These photos are from a long ago hike. One of the toughest days I have had backpacking … the “off trail” traverse from Appleton Pass to Cat Basin in the Olympic National Park. As we struggled across the side hill, the clouds came in and our visibility dropped. While we were on the sidehill, there was no real chance of losing our way, since we could just keep the uphill side to our right, until we ran into the Cat Basin Trail that comes in from the High Divide. We were tired and set up camp in a small flat spot above the trail. We were sorta miserable and thought the spot was one of the worse we had camped in. But in the morning, the cloud was gone and we were looking directly down into Cat Basin and a herd of a hundred or so Olympic Elk. It went from one of the worse camps we had to one of the best … in a few hours.
North Fork Skokomish in Winter
The North Fork Skokomish valley is one of my favorite locations in Olympic National Park. It used to be the closest to my home, when I lived in Olympia. It’s a little farther away now, but I still try to make several trips per year. It’s a low snow year when you can drive up to the Staircase Trailhead in December (unlike this year).
Hart Lake Sunrise
(more found images from my archive file) Hart Lake is in the upper Duckabush Valley, and is much less visited than the Heart Lake in the upper Sol Duc. Hart Lake takes over 20 miles of hiking to get there, so there are many fewer visitors. We were camped near the lake and when the sun was coming up, the clouds in the valley moved up … before burning off for the day. It was spectacular.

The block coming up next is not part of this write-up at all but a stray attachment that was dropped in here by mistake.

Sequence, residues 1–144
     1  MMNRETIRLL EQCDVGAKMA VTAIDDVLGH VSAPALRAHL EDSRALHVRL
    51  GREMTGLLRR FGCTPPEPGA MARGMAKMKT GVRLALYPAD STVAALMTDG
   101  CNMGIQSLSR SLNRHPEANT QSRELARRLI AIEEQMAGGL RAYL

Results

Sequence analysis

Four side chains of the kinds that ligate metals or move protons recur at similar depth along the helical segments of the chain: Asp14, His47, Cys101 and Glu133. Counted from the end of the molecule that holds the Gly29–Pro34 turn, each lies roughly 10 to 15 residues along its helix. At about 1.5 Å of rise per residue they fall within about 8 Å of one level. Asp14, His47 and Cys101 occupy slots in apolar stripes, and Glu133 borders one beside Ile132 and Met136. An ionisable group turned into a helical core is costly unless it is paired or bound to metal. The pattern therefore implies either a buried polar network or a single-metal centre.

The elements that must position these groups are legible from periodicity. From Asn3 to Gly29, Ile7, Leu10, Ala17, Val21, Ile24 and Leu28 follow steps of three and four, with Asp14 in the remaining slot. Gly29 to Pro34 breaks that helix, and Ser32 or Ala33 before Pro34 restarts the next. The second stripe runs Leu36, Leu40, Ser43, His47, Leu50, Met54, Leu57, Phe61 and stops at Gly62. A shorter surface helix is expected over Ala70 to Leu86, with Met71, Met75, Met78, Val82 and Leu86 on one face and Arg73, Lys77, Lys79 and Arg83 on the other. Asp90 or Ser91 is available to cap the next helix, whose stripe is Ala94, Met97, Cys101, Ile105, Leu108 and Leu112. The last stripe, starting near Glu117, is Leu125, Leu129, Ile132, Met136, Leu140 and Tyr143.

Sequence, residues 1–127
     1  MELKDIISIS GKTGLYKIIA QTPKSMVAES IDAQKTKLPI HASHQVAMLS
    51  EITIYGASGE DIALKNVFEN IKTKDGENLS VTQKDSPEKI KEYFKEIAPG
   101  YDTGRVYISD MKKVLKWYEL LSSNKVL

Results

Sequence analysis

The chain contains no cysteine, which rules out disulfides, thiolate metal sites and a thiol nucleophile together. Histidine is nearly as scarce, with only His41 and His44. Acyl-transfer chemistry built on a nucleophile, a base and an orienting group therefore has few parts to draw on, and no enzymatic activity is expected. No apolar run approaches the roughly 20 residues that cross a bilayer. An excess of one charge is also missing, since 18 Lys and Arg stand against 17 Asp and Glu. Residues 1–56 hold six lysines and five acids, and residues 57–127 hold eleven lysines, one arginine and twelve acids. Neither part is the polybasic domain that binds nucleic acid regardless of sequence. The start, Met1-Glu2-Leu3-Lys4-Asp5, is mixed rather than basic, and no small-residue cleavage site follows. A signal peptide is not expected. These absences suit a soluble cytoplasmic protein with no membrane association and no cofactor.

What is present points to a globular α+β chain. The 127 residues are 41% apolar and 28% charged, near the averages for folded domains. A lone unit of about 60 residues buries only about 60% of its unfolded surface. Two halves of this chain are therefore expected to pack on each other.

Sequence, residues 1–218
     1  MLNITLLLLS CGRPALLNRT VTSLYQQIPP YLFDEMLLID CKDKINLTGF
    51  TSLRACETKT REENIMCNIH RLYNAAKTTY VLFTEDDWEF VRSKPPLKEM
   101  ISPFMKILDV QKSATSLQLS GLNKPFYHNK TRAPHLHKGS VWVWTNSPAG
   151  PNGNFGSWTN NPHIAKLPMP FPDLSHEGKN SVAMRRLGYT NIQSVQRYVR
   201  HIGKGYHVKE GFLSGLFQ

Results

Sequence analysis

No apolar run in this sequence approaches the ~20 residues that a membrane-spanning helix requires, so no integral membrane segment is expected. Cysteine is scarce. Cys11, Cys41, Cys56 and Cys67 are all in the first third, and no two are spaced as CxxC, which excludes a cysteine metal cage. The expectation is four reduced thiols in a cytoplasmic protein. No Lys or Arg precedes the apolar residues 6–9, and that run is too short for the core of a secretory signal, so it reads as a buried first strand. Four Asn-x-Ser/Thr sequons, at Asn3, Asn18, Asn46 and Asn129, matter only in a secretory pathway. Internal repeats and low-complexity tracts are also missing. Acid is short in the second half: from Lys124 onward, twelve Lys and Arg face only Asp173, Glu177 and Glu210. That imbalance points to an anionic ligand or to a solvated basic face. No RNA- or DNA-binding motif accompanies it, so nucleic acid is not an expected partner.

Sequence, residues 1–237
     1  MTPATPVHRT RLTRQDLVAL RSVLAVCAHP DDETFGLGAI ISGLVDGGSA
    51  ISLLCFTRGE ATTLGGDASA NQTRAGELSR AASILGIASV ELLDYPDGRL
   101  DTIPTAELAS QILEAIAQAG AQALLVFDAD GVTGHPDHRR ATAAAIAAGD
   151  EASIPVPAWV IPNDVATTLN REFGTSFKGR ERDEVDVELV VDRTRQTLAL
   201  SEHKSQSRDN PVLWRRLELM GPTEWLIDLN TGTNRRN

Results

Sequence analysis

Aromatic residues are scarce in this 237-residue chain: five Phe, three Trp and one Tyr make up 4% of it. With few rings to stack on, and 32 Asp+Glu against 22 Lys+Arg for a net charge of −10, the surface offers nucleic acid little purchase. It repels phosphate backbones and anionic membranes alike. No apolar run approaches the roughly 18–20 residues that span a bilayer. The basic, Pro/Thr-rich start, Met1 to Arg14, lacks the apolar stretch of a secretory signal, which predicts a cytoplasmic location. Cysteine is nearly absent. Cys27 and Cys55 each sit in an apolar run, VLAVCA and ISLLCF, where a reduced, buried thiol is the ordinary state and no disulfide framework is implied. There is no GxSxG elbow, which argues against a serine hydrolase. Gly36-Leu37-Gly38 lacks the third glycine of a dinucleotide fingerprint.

Above the Clouds — for a while
Another image from near the Deer Park Campground in Olympic National Park. This shows the clouds in the valleys looking south into the center of the park. Somewhere in there is the Graywolf River valley and the valleys of Cameron Creek and Grand Creek. When you see weather like this in the Olympics, enjoy the sun while you can. Once the sun rises high enough to warm the valley air, the cloud layer rises. Then you have the tops of the cloud layer joining you and covering you. See below.
The Atmospheric Effect
The Atmospheric Effect is where the mist or haze in the air enhances the apparent depth of the subject. In this case, I took the photo looking west from the summit of Blue Mountain above Deer Park Campground in the Olympic National Park. This is the view looking into the sun. Below is the view looking south — 90 degrees from the photo above. And with a different lens, of course. But notice the lack of the atmospheric effect.